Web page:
Walked down to the cliffs to the viewing points – absolutely incredible views. I hadn't had cliff and seabird views since I went to Fair Isle in 2010. This lifted my spirits massively. It was awesome standing here watching and listening to thousands of sea birds swirling round the cliffs – Gannets, Kittiwakes, Guillemots, Razorbills, Fulmars and Herring Gulls. We also found 2 Puffins sitting on the sea which was an added bonus! We moved to a different viewing point where the gannets were much closer. I had a fabulous time taking hundreds of Gannet pictures and also Fulmar and Kittwakes! It was fascinating watching the Gannets landing, to gather grass for their nest sites – got several shots of this. Andy said a bit later 'when you have finished taking your one millionth picture of gannets, shall we go and have a coffee? Andy doesn't get the photography thing! I love taking birds in flight – its more challenging and very rewarding and I got some cracking shots – well I think I have..... I haven't looked at them all yet! Apart from a couple of skylarks we didn't see any passerines on the cliff tops.
Back at the visitor centre we had a coffee and shared a chocolate brownie, whilst watching the Tree Sparrows again. We desperately needed a nap. Andy wanted to nap here, I wanted to nap back at North Landing. Napping at Bempton mean't a 3 mile race if the Crag Martin came up again.
Bempton Cliffs RSPB
Chaffinch by the feeders, Bempton Cliffs RSPB.
Jackdaw by the feeders, Bempton Cliffs RSPB.
Bempton Cliffs RSPB
Gannets and Kittiwakes, Bempton Cliffs RSPB.
Kittiwakes, Bempton Cliffs RSPB.
Fulmar at Bempton Cliffs RSPB.
Great Black-backed Gull (juv.) at Bempton Cliffs RSPB.
Kittiwake, Bempton Cliffs RSPB.
Back in the carpark, we reclined the seats and snoozed for an hour. We felt loads better afterwards. There were still birders sitting on seats, waiting and hoping. We ate the cheese sandwiches that I had made and had coffee from the flask. I left Andy sitting here whilst I trekked back over the cliff top path to try and see the Tawny Pipit and get some decent photos. I passed a birder on route who said it was not showing and the last he had heard, was that the Tawny Pipit was last seen around the lighthouse area. So I didn't walk to the field where I saw it this morning and instead turned back and walked over to the edge of the cliffs to sit, photograph and watch distant seabirds. Got some arty farty shots of Razorbill sitting on the sea and some Kittiwake gliding past. Panoramic views and arches in the cliffs – it was so beautiful here, so much scenery to take in and I didn't want to go home.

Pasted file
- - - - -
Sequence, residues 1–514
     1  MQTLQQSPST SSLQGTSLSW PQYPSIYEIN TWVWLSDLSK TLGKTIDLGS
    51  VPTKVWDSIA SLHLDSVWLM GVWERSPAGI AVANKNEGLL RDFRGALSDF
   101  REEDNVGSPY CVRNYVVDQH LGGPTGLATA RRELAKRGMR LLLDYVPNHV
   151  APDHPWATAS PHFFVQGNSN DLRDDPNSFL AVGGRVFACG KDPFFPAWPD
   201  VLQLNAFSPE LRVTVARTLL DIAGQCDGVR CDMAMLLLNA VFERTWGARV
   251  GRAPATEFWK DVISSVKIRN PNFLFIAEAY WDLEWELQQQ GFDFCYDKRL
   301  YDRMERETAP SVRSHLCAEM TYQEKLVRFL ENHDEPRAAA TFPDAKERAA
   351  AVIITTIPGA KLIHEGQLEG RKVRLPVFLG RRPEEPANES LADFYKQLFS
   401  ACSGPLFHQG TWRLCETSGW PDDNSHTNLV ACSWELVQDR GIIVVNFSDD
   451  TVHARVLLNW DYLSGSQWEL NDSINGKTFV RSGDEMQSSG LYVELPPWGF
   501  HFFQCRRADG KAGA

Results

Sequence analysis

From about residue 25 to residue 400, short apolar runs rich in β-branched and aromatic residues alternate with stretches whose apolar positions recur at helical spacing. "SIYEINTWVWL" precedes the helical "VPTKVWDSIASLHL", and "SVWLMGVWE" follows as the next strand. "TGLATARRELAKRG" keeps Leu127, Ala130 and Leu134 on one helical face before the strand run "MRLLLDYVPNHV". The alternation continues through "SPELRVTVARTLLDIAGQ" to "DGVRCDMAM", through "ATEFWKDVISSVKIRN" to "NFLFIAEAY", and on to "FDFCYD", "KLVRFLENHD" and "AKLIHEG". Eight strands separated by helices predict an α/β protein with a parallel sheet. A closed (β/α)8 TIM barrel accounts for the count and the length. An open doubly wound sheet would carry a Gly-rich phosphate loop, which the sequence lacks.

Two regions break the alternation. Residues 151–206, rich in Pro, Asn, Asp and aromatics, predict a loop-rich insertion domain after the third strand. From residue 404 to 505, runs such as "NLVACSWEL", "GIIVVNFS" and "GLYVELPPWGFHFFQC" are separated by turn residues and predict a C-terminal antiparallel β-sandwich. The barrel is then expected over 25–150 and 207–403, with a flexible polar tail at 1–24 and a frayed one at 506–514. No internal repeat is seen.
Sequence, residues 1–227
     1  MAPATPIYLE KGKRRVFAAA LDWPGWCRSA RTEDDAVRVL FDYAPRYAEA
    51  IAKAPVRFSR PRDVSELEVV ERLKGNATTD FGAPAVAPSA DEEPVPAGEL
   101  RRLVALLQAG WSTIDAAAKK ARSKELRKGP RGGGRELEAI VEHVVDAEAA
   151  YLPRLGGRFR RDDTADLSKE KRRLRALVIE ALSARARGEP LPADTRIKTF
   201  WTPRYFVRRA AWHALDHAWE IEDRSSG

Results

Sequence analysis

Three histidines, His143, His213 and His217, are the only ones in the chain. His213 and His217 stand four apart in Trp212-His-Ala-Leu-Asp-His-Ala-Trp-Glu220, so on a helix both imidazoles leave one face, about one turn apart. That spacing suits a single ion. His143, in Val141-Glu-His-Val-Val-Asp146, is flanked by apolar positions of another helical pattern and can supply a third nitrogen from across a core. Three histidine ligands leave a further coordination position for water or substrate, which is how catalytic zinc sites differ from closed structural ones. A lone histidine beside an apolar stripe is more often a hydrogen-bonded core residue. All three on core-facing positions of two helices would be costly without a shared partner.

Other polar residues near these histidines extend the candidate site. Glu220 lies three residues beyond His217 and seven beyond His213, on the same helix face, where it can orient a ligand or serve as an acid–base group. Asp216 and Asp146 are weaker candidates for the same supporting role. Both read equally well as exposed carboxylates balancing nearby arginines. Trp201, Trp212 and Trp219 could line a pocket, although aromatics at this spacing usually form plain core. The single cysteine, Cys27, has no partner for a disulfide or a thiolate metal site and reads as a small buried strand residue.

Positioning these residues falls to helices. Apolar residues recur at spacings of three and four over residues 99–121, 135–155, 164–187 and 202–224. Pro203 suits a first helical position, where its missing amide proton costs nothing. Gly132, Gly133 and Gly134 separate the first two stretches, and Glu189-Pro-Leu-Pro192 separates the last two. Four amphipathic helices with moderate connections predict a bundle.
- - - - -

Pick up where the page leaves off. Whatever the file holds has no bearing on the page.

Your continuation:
Razorbill at Flamborough Head.
Kittiwakes, cliffs at Flamborough Head.
Razorbills & Kittiwake, North Landing, Flamborough Head.
Kittiwake at North Landing, Flamborough Head.
Razorbills & Guillemots, North Landing, Flamborough Head.
Kittiwake at North Landing, Flamborough Head.
North Landing Beach, Flamborough Head.
Back at the carpark Andy and I had a coffee from the cafe and I bought us some scrumptious buttered cheese scones for only £1.20 each (far cheaper than certain places in Norfolk!) to eat later on the homeward journey. We sat on a seat overlooking the beach and cliffs drinking our coffee. More birders were now turning up – maybe they were thinking about yesterday's afternoon sighting – would this bird return again? With more people turning up, I didn't want to leave, but we had to, with no sleep since Friday evening and over 3 hours before home (and another hour for Andy), we sensibly had to leave. So we set off at 3.50pm.
Starling on the wires in North Landing carpark.
Birders hoping for the Crag Martin to show this afternoon.
We stopped once for our cheese scones and coffee. I had to stop once more when we had reached Sutton Bridge – I just had to, I was losing concentration. Shut my eyes for a few minutes and then carried on, reaching King's Lynn at 7.30pm. Filled up with diesel which cost £39.90 – we had done 293 miles in all, cost was better than I had expected, so that was good! Andy transferred all his gear into his car and went straight home. It seemed to take forever to unpack my car. Got straight into the shower. Finished my fruit salad. Wrote up the Norfolk bird news up on my blog and then started to write up today's twitch, but started falling asleep, so had to stop. A cracking day out with, as always excellent company, but missed Justin's banter! I'm usually lucky getting photos of rare birds, so its massively disappointing to get nothing at all. I think I might have a distant shot of the Tawny Pipit on a post, but will look at pictures properly later.
Looking forward to the next twitch!!! Easter Weekend? I still might have a chance of photographing the Crag Martin if it turns up in Norfolk – here's hoping!